This delicious recipe – once called the “nun’s ice cream”- was created by the Franciscan Rosa María Durán and it was made of cream, natural fruit pulp, and just the right amount of sugar.
Four generations have passed since the “nun’s ice cream” was invented. Today, it is recognized throughout Ecuador as Salcedo’s traditional ice cream. Despite there being dozens of places that make it, there’s only one that truly still uses the original recipe. The ice-cream shop is located in front of Salcedo’s square, on its south side. It belongs to the family of Jaime Jijón and Marina Franco. Once the Paredes sisters died (they were also known for making the original ice cream), there was no one left to keep the secret alive.
Everything starts with the ice cream stick, which already needs to be “the right one”. Then, there’s the fresh fruit. Mandarines peeled in a bucket, mangoes sliced into pieces, taxo sieved of seeds, naranjillas de-pipped … waiting their turn in a corner of the shop to be put in a machine that creates the creamy and unctuous elixir reminiscent of your childhood’s best pleasures. In a large fridge at the entrance, hundreds of ice creams stand with their characteristic conical-like shape.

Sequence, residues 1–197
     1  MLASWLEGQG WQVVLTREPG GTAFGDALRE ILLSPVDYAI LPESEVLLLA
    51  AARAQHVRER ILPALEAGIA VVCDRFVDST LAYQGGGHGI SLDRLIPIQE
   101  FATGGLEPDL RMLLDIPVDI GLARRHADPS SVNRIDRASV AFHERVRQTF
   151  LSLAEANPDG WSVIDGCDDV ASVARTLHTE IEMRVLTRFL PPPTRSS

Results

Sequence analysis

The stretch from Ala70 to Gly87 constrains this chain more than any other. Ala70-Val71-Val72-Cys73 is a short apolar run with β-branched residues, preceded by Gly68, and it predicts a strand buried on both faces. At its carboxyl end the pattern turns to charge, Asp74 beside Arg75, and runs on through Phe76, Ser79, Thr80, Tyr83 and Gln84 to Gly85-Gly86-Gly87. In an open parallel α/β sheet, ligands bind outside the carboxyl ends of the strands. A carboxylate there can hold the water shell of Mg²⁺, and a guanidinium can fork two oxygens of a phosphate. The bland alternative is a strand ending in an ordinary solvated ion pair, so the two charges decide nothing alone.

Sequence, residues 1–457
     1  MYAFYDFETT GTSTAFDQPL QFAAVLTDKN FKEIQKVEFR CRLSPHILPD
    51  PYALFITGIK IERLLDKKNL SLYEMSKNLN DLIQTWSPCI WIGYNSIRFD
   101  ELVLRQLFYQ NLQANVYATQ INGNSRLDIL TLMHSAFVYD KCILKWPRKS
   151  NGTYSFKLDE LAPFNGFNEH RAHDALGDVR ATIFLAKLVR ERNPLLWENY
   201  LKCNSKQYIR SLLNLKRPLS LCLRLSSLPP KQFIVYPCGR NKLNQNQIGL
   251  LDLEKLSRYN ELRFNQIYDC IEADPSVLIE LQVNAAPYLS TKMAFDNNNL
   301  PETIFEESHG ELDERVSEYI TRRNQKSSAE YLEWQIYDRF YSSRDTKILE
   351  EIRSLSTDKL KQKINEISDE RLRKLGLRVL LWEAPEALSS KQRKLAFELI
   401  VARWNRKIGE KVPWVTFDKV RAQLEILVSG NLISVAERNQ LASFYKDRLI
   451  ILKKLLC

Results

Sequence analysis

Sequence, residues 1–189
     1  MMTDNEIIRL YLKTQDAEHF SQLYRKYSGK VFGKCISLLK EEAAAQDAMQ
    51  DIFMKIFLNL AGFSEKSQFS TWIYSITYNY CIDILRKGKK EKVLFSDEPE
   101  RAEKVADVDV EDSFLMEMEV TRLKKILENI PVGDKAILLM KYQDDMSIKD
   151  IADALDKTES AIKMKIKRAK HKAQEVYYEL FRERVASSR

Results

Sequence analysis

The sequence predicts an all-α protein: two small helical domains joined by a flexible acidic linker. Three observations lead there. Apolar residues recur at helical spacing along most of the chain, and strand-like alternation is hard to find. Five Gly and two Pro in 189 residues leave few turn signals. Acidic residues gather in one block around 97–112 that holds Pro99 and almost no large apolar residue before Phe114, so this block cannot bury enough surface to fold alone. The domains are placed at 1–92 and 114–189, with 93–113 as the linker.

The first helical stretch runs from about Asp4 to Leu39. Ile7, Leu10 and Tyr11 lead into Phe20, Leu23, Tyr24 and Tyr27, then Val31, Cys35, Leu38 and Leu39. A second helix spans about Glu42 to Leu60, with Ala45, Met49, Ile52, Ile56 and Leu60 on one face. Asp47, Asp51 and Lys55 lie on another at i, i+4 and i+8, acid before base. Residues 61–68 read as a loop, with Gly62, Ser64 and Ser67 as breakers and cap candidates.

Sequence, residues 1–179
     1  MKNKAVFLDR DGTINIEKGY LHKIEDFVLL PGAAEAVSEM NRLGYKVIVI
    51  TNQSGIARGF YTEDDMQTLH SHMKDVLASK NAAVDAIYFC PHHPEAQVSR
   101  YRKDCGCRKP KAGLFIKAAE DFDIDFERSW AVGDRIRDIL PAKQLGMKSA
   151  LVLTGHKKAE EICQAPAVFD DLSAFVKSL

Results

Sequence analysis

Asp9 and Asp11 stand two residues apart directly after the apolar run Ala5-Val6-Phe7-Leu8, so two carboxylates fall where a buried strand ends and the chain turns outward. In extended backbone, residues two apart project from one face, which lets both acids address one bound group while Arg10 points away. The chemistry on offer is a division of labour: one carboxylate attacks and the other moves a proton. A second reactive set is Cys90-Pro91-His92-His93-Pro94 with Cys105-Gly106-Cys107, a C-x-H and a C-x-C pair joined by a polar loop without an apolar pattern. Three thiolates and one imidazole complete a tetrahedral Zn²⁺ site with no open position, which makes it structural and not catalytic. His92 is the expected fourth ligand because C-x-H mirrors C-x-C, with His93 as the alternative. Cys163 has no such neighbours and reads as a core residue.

Individual flavors are popular, as well as the guanábana (soursop) and blackberry combination. But the classic, the unforgettable, the one that every Salcedeño remembers since they were kids, has seven flavors and comes in layers, in the following order: coconut, blackberry, mango, two Andean endemic fruits taxo and naranjilla, blackberry again, and milk, a flag of delights that melts in your mouth and transforms your taste buds as fresh and intense new flavors arise.
The local tradition has suffered from the arrival of the E35, the highway that replaced the route for those who had to travel through the town to continue to the south. Many ice cream parlors have opted, therefore, to go out to the road to sell the products. Nonetheless, the essence of this ice cream remains in the heart of the town. Don’t forget to visit the ice cream shop to keep the tradition alive.
Photo: Jorge Vinueza